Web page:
WSU Newsline: Teacher shortage not unusual problem
Sep 3, 2008 9:30 AM | Print
The scripts are available for printing and for sound bite identification.
Go to http://www.wichita.edu/newsline to get the current Wichita State University Newsline. If you cannot access the Newsline at the Web address above, contact Joe Kleinsasser at (316) 978-3013 or email@example.com. Newsline cuts may be edited to suit your needs.
The current teacher shortage in America is not significantly different from those faced throughout our nation's history, according to Sharon Iorio, dean of Wichita State University's College of Education. Although the challenges are many, Iorio is optimistic that the need will be met.
Announcer: The current teacher shortage is hardly unique, according to Sharon Iorio, dean of the College of Education at Wichita State University. In fact, in the history of our country, teacher shortages from time to time have always been present.
Iorio: "There are three major reasons for the teacher shortage in America today. One is simply the growing population — more people in America, more need for teachers. Another is the retirement of the teachers who are of the baby boomer generation. Many teachers came into the field in the 1960s and early '70s and are now ready for retirement."
Announcer: Iorio says a third reason for the teacher shortage can be attributed to the number of teachers who leave the profession in the first five years of their career. However, Iorio says she's optimistic that the need for more teachers will be met. This is Joe Kleinsasser at Wichita State University.
Sound bite #1
Iorio says the current teacher shortage is not unique. The sound bite is 11 seconds and the outcue is "always been present."
Iorio: "The issue of teacher shortage is not unique. In fact, in the history of our country, teacher shortages from time to time have always been present."
Sound bite #2
Iorio looks at the reasons for teacher shortages in the past. The sound bite is 18 seconds and the outcue is "in high schools."
Iorio: "The changes and demand for teachers changed with the history of the nation. Originally we were preparing students for an eighth-grade education, but as the demand for high school education increased, then the demand for teachers increased to fill those courses that were being taught in high schools."
Sound bite #3
Iorio says one of the problems today is retaining teachers in the profession. The sound bite is 23 seconds and the outcue is "of their career."
Iorio: "Statistics show that there are actually enough teachers being produced by American colleges and universities to fill the need of teachers each year who retire. The problem is the teachers who graduate and begin to teach do not stay in the field. A large percentage of teachers leave the field within the first five years of their career."
Sound bite #4
Iorio explains what is being done to address the retention problem in the teaching field. The sound bite is 30 seconds and the outcue is "proven to be helpful."
Iorio: "To help the retention problem, pay increases to boost retention in urban, inner urban, inner city urban areas and in rural areas are being used. More importantly, a mentoring system of assigning an experienced teacher to a new teacher to help that teacher move through the first few years of their career has been proven to be helpful."
Sound bite #5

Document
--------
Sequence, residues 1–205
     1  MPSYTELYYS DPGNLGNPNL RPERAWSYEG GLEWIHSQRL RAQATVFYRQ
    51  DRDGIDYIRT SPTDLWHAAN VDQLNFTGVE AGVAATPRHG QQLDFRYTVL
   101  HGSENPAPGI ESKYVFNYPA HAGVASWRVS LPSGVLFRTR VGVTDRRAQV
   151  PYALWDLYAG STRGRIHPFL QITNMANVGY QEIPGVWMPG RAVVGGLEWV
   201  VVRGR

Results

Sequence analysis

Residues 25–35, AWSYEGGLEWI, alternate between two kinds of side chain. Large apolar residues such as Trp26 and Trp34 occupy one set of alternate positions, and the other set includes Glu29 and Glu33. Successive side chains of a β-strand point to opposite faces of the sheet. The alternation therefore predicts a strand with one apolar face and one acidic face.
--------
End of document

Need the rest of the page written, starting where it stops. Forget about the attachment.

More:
Iorio says one difference between America and some countries is America's commitment to teach all children. The sound bite is 42 seconds and the outcue is "all children."
Iorio: "America needs to concentrate not only on bringing more teachers to the field, but bringing teachers with expertise to the field. Many people read stories that American teachers, compared to those of other countries, or the standards that American schoolchildren meet are not as high as those in other countries. When we read those stories we need to take into consideration that some of the other countries to which American schoolchildren are compared do not teach all children. And in America, which I totally support, our mission has always been a belief that all children can learn and a mission to teach all children."
Sound bite #6
Iorio says she's optimistic that America will meet the need for more teachers. The sound bite is 23 seconds and the outcue is "need can be filled."
Iorio: "I am optimistic that the need for more teachers will be met in this country. I think it is important that the need is raised on political agendas, especially during an election year, and that the need is addressed. But there are many people who are interested in teaching children, and the need can be filled."
Elliott School students head for Flint Hills for stories
Work to begin soon on five-story residence hall
New splints would stabilize injuries
Alumni profile: Kris and Leslie Wessel
WSU professor's career started with his past
TRIO/GEAR UP Scholars named at WSU
GoShockers: Shockers win All-Sports Trophy
Revised Wichita metro indices
WSU senior will graduate with 4.0
Astronomy internship accepts WSU senior
Hundley working on books detailing research
Fundraising award goes to Wilson Baldridge
Faculty/staff news update: March/April 2013
Wichita State to host bestselling author
Kansas patenting data analyzed
Student profile: Karissa Gilchrist
Scholarship will support real estate interest
WSU names interim dean for business school
Strategic plan presented
Faculty profile: Bob Workman
Student profile: Laura Schlapp
SHRM Foundation scholarship recipient
Wichita Home School wins Frontier Trails BEST
New debate format should help voters
ACT prep workshop set for Oct. 13